BEGLEY:  We have so many places that are built upon, and there’s increased traffic and there’s increased noise, and there are many special places that have been changed, altered forever, that are very important to us.  This shouldn’t be another one of them.   The “shot heard ‘round the world” did occur just a short distance from Hanscom Field.  And Thoreau lived and wrote and walked here.  I think this is a place that needs to be preserved in perpetuity.  And we can do that by giving local control of this airport to the residents and the leaders in this specific area.   I think it’s very important, certainly given the fact that there are alternatives, that there are other ways to move people around in speed and comfort that do not include Hanscom.
KEN BURNS, Director, Producer, Historical Documentarian:  The American Revolution takes place before there are photographs, and so we are relegated to a few, very few contemporary paintings, and many of those are a little bit cartoonish so it’s hard to create a reality the way you can with an old photograph.  And the only way we’ve found in the films we’ve done that have taken place during the Revolutionary and immediately post-Revolutionary period, on Thomas Jefferson, on the history of the Shakers, on the voyage of Lewis and Clark, was to go back to the places where these events take place and to film them at the same time and day and year that those events take place.  But how could you do that with a jet roaring overhead leaving a contrail?  How could you do that with the traffic going by outside?  How could you do that?  Even at Gettysburg today you have to reframe to keep the golden arches of McDonald’s out of your frame.  I do not want that to happen to Lexington/Concord, it’s too precious; it’s too important a moment to let that happen.  And anybody who visits Gettysburg is not begrudging people the right to have a hamburger at McDonald’s, they just want them to have that McDonald’s move just slightly out of view, so that those of us who are listening to the ghosts and echoes of this inexpressibly wise past might have something to bring back.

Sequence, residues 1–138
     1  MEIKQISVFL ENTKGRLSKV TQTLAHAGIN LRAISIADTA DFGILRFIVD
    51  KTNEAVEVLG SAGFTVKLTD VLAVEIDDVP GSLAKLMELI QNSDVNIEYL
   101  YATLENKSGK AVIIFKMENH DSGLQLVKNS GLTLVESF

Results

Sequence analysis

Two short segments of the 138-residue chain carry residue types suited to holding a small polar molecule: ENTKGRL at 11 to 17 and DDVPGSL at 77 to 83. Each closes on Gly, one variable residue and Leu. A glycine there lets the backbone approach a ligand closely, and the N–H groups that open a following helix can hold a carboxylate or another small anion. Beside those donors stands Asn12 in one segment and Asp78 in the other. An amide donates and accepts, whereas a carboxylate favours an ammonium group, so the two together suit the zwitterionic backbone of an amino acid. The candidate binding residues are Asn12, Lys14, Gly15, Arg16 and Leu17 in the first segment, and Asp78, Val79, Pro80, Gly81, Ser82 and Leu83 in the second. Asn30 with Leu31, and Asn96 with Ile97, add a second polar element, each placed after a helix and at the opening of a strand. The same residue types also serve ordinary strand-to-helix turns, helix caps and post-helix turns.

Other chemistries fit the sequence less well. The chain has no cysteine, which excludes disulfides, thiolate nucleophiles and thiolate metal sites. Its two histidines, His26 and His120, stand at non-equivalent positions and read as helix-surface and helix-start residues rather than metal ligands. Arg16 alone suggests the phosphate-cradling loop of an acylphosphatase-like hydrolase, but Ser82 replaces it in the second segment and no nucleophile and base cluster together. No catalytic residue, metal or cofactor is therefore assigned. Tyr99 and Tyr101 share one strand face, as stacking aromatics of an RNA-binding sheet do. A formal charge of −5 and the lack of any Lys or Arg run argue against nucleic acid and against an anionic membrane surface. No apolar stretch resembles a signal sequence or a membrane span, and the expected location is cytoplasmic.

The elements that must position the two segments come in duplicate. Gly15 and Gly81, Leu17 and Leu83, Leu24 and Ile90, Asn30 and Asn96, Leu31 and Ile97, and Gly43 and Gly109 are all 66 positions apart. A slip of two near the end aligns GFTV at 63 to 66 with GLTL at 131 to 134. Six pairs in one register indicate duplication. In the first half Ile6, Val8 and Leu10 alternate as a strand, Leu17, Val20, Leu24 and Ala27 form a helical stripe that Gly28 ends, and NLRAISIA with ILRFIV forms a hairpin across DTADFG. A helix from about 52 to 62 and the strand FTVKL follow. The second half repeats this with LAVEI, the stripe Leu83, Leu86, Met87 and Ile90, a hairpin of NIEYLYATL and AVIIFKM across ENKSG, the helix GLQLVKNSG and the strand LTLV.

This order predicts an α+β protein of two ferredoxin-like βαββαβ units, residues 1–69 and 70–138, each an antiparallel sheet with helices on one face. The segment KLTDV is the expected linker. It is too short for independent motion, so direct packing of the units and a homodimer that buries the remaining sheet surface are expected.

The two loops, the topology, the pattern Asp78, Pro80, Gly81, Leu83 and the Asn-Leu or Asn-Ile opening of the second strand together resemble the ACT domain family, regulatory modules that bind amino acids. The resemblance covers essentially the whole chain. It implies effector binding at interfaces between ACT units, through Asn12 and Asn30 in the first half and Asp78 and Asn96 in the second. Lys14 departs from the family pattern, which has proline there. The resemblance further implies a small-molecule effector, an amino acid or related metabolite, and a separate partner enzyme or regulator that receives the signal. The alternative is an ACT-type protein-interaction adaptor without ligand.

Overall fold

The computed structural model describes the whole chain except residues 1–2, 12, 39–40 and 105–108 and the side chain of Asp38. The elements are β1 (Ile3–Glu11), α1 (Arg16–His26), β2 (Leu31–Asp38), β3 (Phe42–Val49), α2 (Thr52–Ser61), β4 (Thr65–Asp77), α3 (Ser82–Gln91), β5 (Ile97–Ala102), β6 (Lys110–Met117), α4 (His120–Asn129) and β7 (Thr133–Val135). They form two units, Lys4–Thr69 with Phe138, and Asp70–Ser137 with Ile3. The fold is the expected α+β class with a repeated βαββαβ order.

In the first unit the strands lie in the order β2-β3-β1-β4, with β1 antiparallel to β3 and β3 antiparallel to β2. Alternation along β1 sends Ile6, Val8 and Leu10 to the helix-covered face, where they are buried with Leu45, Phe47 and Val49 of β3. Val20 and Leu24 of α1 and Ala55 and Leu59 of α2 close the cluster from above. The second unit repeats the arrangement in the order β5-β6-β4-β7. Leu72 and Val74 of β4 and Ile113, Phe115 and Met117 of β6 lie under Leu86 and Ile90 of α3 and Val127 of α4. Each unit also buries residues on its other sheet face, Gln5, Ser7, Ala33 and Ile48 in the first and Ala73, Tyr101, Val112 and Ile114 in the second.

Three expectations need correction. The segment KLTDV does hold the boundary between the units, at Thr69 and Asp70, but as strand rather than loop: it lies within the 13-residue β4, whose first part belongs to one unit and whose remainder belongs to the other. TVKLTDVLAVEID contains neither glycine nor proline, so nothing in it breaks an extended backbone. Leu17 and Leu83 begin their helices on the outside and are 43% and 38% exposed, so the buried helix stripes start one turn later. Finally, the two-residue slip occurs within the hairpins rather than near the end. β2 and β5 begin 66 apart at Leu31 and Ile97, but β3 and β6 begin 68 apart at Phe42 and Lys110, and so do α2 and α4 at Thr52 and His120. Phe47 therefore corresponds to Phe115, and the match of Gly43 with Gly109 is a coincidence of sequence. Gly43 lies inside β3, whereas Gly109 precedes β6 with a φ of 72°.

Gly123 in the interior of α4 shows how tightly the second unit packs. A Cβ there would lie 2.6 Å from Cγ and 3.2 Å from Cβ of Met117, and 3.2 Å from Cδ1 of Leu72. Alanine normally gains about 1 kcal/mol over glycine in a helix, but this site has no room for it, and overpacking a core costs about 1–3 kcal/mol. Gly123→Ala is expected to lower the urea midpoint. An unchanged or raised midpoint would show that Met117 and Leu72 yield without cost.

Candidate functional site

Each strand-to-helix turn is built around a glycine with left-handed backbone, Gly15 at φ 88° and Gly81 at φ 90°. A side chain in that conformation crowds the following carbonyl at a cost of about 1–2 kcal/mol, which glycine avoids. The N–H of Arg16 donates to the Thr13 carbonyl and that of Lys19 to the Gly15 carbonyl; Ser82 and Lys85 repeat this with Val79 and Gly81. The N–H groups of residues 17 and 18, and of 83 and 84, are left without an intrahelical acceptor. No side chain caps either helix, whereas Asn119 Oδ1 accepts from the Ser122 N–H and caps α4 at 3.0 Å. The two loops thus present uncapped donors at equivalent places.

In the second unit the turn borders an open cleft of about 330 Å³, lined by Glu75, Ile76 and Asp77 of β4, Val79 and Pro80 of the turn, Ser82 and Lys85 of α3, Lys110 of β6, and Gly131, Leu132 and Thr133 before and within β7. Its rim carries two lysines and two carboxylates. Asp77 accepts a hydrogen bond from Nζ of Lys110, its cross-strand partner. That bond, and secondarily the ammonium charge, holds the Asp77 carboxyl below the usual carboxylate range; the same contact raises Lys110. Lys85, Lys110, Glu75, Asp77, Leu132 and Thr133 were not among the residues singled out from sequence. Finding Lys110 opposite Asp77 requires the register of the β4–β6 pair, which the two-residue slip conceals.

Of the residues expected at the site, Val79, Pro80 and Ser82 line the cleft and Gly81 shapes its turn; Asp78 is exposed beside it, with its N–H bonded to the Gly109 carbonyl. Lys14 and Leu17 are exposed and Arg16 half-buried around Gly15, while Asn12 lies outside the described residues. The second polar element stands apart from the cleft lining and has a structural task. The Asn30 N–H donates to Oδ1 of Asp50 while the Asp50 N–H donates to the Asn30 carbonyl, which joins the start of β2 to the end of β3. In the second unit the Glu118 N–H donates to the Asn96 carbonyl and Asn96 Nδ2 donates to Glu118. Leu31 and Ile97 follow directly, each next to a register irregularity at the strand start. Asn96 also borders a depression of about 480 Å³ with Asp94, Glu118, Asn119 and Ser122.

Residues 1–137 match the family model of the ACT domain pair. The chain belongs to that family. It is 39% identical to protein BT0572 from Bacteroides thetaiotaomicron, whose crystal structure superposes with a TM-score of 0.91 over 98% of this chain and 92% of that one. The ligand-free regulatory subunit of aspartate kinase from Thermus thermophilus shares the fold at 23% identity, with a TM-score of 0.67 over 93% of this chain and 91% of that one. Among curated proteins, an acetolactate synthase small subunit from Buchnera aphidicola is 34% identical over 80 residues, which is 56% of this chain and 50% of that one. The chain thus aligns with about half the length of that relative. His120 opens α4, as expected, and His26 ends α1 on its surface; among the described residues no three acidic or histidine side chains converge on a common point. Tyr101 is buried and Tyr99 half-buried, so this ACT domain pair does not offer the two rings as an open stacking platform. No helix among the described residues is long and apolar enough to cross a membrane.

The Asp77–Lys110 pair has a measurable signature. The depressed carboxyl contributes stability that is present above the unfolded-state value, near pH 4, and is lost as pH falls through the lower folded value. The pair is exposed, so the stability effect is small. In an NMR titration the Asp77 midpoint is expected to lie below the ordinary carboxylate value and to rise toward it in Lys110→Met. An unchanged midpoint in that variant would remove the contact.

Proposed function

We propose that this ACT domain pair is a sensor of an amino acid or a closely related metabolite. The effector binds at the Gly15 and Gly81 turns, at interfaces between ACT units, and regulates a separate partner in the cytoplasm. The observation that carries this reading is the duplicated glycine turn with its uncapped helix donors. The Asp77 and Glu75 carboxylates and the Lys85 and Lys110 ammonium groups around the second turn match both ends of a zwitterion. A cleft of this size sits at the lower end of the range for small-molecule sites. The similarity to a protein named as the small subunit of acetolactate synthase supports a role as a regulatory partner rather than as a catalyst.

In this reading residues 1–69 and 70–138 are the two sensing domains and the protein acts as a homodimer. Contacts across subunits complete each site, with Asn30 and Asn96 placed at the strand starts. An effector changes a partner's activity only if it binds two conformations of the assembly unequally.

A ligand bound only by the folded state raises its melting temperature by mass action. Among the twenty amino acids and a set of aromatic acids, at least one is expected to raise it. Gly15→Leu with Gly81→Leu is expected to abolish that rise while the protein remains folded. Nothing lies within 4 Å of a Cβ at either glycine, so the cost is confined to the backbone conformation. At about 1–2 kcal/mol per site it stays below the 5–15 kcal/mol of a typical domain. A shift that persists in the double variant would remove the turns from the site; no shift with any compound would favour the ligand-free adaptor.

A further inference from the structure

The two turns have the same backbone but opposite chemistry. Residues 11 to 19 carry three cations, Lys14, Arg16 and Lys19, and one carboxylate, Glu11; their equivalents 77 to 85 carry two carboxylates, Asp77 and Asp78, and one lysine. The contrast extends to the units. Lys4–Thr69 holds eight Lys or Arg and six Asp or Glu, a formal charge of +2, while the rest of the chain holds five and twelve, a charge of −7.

DAVID McCULLOUGH, Pulitzer Prize Winning Author, Host of “The American Experience”:  Once the spell, the spirit, not to say the actual, tangible buildings and land of these treasured places are violated or destroyed, they’re never the same again.  You can’t bring them back.  And it’s so easy to say, well, they’ll just have to accommodate – No! Let’s not accommodate; let’s keep it the way it is.  Let’s honor our forebears.  President Bush, in his remarks at the national prayer service following September 11th, said, “Let the commitment of our fathers be the calling of our time.”  Let the commitment of the people at the bridge in Concord in 1775, the commitment of people like Thoreau, Emerson, Hawthorne, and the whole way of life in Concord, be the calling of our time.  Draw strength from that.  History is an inexhaustible strength to draw upon – who we are, what we are, where we’ve come from.  And any tangible evidence of that, any tangible setting that evokes the spirit of those distant times and those great people, must be saved.